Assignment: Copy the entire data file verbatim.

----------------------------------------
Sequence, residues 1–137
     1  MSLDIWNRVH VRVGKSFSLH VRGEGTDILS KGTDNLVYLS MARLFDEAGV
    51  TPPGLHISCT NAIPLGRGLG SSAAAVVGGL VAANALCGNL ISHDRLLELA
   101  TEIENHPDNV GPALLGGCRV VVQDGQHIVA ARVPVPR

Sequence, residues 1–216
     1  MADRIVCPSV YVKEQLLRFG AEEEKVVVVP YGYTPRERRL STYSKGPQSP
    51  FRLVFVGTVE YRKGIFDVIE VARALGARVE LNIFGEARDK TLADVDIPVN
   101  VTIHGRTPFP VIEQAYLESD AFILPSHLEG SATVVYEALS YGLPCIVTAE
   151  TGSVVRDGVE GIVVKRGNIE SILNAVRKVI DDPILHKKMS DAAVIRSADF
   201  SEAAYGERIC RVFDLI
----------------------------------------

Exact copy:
Sequence, residues 1–137
     1  MSLDIWNRVH VRVGKSFSLH VRGEGTDILS KGTDNLVYLS MARLFDEAGV
    51  TPPGLHISCT NAIPLGRGLG SSAAAVVGGL VAANALCGNL ISHDRLLELA
   101  TEIENHPDNV GPALLGGCRV VVQDGQHIVA ARVPVPR

Sequence, residues 1–216
     1  MADRIVCPSV YVKEQLLRFG AEEEKVVVVP YGYTPRERRL STYSKGPQSP
    51  FRLVFVGTVE YRKGIFDVIE VARALGARVE LNIFGEARDK TLADVDIPVN
   101  VTIHGRTPFP VIEQAYLESD AFILPSHLEG SATVVYEALS YGLPCIVTAE
   151  TGSVVRDGVE GIVVKRGNIE SILNAVRKVI DDPILHKKMS DAAVIRSADF
   201  SEAAYGERIC RVFDLI